So what are these plants doing among the lush grasses?  They are enjoying a seasonal advantage. During the long dry season in Southern California, after the grasses dry out, the Desert Pincushion (Chaenactis fremontii) and Desert Hyacinth (Dichelostemma capitatum) burst into flower.  In the desert, of course, they have a permanent advantage.  They are one of the most common flowers in the low desert flats.

Red Maples on Lakeshore in Fall Color (sold) | Richard G. Tiberius

40 x 30.5 in | 101.6 x 77.5 cm

Red Maples (Acer rubrum) are comfortable growing in swampy conditions.  They often line the lakeshore because they can survive much closer to the water than most other trees.   In fall the lakes of the Northeast are ablaze with reflected color from these trees.  I based this composition on pictures I took from a canoe.  Initially, the lake was a mirror and the reflections were perfectly clear.  But after jiggling around to get a good position from which to shoot, I created ripples in the water.  Perhaps the disturbance in the water was a good thing for the composition because perfect reflections look unreal and distract from the actual trees.  Besides, I enjoyed blending the colors in the uneven water.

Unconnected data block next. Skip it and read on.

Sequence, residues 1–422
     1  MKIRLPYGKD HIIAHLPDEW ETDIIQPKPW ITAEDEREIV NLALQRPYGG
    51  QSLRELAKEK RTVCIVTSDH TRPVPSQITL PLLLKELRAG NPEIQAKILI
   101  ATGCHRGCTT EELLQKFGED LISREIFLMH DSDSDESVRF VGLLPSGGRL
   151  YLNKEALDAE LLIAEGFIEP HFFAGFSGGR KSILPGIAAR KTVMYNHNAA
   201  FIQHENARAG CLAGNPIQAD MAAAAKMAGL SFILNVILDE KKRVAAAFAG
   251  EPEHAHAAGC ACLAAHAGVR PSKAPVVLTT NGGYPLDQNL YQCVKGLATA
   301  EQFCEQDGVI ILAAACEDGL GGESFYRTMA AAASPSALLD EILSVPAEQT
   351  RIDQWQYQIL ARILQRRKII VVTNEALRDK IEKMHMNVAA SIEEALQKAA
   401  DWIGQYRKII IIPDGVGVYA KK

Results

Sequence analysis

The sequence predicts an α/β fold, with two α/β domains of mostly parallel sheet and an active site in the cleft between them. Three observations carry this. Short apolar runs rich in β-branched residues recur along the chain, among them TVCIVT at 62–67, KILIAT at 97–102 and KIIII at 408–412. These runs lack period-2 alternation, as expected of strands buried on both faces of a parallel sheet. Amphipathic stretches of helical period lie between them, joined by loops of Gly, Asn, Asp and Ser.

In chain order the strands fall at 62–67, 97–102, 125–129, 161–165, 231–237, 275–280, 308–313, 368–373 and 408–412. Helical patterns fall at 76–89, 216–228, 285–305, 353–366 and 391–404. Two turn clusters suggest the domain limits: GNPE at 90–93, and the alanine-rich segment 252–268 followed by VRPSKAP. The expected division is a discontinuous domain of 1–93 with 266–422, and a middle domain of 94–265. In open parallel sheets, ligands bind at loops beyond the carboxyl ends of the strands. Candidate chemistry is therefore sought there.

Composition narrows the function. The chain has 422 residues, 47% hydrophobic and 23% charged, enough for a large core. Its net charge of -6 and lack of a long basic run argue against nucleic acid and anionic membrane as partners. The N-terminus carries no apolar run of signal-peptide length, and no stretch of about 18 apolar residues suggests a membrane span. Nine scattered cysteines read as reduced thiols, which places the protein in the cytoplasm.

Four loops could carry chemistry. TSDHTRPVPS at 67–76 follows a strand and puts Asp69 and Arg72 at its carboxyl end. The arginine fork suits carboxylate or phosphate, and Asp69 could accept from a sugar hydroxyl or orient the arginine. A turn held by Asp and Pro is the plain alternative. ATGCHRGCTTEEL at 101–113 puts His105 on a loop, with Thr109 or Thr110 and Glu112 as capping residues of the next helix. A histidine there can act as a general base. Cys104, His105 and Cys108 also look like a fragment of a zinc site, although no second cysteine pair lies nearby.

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There are a few white birch trees (Betula paperifera) in the scene which lend their white exclamation points to the composition.  Birch leaves tend to turn yellow and ochre colors in the fall rather than red, which is fortunate for this composition because they relieve the solid red of the maples.  Not that the maples were solid red.  When I began painting them, I realized that I needed every shade of Red, Crimson, Orange, Rose, Permanent Magenta and Yellow Orange in my collection, to cover the range.

These maples live throughout northeastern North America.  They are prolific in wet places from the Canadian provinces to the swamps of Florida.  The birches are a bit more northerly.  They stick to the cooler mountain tops as they reach down into the southern states and are pretty rare below the Carolinas.